Hi I’m Gilad

I love data, analysis and visualization. Chief data scientist at betaworks.

A Networked Take on Social Influence

Last week I had the honor to give the opening keynote at Dalhousie University’s symposium on measuring influence on social media. Its not common to see folks from industry keynoting academic events, so I was shocked when Anatoliy Gruzd from Dal’s Social Media Lab asked if I’d be the opening keynote at the symposium. I think a lot about the topic of influence, and have done a lot of work untangling what can be measured through data. Below I’m attaching a rough crib of my presentation, as well as my slide deck:


The promise of data brings us hope that we can finally quantify the effects of social influence, giving us the opportunity to place a better price tag on certain digital spaces or interactions, potentially making our ecosystem much more efficient. We can finally attempt to answer questions such as: how are people activated, and what causes folks to purchase a product or pass along a piece of information.

Marketers and media alike tend to generate hype around status affordances which are plastered all over social network sites. These are metrics such as – number of followers, mentions, comments, fans, and so on – used within social network spaces to highlight user status. It is easy to get swept away by these readily available metrics without necessarily knowing what they mean (if you haven’t seen this yet, check out Colbert’s Internet Numbo-Tron 3000 skit: when tracking tweets per minute means… absolutely nothing!).


Influence as an Exposed Metric

I like the following definition of influence in social spaces:

The ability to disproportionately affect the spread of information.

In my work I’m extremely interested in how information spreads. For this reason, I look for points of influence when users get others to be attentive to a piece of information or media. If you’re a consumer brand, interesting points of influence for you are cases where a friend gets another to purchase an item. There’s always a wanted outcome in the form of an action: information spread, purchasing an item, viewing a TV show, etc.

Yet influence as an exposed metric is problematic for many reasons. We don’t think of providing a simple quantifiable measure for love, hate or trust. Yet we expect to do so with Influence. Can you tell me how much of your thinking is *innately* yours? What percentage of your thoughts are a direct result from advertising campaigns? What made it into your head because of peers and what are your original thoughts? Some say that influence has more to do with what is unconscious, the ways in which our brain picks up bits of information and formulates them together into an opinion or preference.

On top of that, people aren’t necessarily rational in their approach to trust. I may trust someone and continue to be influenced by their recommendations despite past transgressions. Some may bring influence from outside the network – a celebrity, a public figure. How does the fact that they attain influence outside the observed network affect our measurement? I haven’t seen anyone able to quantify and match the effects of influence across networks. And what about context? I shouldn’t be deemed an influencer on “popcorn” just because my tweet from the theater was retweeted by others (*cough* Klout *cough*).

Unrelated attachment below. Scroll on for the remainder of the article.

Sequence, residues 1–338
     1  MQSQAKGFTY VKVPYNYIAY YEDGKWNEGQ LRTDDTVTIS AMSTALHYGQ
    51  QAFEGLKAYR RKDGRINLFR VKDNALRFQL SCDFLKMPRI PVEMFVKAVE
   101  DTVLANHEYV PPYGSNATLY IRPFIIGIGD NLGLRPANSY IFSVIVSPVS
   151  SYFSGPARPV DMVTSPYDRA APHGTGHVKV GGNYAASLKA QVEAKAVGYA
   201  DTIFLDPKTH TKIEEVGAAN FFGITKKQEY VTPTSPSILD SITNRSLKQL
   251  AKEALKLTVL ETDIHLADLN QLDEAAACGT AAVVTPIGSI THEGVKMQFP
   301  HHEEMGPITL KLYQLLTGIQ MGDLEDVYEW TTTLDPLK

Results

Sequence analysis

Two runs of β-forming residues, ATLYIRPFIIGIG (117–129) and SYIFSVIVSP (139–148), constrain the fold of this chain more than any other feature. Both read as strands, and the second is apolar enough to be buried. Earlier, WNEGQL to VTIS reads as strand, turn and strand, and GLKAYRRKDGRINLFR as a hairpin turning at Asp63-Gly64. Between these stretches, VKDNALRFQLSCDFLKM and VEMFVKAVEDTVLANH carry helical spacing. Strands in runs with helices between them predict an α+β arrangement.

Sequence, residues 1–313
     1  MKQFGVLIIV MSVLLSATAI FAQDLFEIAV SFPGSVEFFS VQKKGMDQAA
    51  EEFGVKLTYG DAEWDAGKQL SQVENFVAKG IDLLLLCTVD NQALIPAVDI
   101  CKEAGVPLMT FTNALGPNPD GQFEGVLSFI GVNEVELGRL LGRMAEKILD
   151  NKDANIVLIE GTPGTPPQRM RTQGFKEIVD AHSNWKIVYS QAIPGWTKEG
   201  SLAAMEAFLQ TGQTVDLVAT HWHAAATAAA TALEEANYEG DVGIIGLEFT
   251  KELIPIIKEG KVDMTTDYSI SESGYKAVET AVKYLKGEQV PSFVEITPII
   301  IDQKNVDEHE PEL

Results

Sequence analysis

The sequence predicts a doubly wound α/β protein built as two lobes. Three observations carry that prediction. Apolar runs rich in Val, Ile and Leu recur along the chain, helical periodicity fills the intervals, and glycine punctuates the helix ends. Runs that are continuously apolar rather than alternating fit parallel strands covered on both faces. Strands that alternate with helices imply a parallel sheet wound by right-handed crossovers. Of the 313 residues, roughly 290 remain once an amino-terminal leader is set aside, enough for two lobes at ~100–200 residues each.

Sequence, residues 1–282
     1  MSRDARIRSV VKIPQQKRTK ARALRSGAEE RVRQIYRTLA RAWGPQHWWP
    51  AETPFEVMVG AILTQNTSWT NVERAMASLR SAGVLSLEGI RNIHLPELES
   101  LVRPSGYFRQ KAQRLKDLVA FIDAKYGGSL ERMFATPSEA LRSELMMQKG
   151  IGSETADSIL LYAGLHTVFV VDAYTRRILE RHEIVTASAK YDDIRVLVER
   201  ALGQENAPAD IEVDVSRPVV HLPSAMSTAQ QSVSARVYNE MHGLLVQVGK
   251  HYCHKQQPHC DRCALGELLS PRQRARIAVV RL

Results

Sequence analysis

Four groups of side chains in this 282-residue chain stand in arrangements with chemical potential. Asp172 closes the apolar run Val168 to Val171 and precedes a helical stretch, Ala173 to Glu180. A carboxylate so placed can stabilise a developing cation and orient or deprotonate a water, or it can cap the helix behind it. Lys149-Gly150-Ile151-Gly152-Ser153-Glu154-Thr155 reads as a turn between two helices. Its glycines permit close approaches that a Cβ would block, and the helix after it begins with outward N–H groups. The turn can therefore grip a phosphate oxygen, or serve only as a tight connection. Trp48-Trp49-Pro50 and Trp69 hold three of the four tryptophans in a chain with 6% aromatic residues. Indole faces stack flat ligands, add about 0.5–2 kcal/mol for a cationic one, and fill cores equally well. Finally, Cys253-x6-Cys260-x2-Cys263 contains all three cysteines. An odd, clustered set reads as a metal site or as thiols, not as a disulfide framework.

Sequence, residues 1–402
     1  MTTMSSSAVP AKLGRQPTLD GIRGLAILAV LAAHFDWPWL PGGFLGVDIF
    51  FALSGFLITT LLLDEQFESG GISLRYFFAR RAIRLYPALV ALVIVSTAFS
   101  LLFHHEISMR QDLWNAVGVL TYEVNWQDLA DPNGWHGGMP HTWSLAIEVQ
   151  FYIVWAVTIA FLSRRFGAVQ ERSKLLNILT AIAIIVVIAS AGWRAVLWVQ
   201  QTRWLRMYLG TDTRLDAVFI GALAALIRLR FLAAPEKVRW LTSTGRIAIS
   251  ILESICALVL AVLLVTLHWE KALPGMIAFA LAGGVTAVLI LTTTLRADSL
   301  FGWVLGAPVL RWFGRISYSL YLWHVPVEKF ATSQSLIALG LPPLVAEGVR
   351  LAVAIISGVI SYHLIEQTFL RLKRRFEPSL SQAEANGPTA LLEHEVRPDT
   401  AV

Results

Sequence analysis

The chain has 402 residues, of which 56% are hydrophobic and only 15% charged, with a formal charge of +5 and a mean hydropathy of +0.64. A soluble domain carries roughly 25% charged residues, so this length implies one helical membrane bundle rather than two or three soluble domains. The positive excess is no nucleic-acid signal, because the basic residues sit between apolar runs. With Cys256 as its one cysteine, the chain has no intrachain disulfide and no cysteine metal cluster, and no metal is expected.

Social recommendations happen between peers, friends and family members all the time. This is not new. Whats different now is that these moments of influence may be visible to us through the lens of data.


Networked Influence

The key to understanding influence is to look at the system as a whole, and think about users and how they’re interconnected rather than trying to identify specific people, or “influencers”. Users serve as information brokers, choosing what to give their attention to. But what drives these choices? And more importantly, can they be predicted?

I’m interested in a broader notion of influence. Not strictly peer to peer, or lists of these so-called “influencers”, but rather the effect on a community. I think of influence in the context of a networked ecosystem. Can we identify network attributes that create a higher likelihood for our wanted outcome? Can we figure out points in time when the network comes together in ways that will most likely help a message spread? An obvious but effective attribute is time of day. If your audience is mostly located within a certain geographic region, its best to publish content during the day (in that timezone) or else the majority of your audience will be sleeping. That’s just the start.

Based on recent experiments, Duncan Watts and Peter Dodds claim that going viral has more to do with the receptivity of an audience rather than the people doing the sharing, tagging and endorsing. They claim that role of “influencers” has been overstated:

“highly influential people were more effective than the average person in triggering social epidemics.  But their importance was far less than the “overall structure of the network”:  what matters far more to an idea, candidate, or product going viral is that the networks of people are easily influenced and networking with others who are easily influenced.”

“Twitter mega-influencers did generate greater cascades, but not regularly.  Their ”hits” were sporadic and inconsistent, while newer and less influential Twitter users had breakout retweets because of the subject, topic, or timing.”

Sinan Aral, an assistant professor at NYU’s Stern School of Business and an authority on social contagion, studies the ability to identify susceptible members as a way to predict influence. The network is chaotic, can be sporadic and inconsistent in terms of what generates large information flows. By focusing on understanding a group of users, how they’re interconnect, when they’re active and what topics “activate” them (what they’re susceptible to) we can start seeing patterns emerge.


A Bit about SocialFlow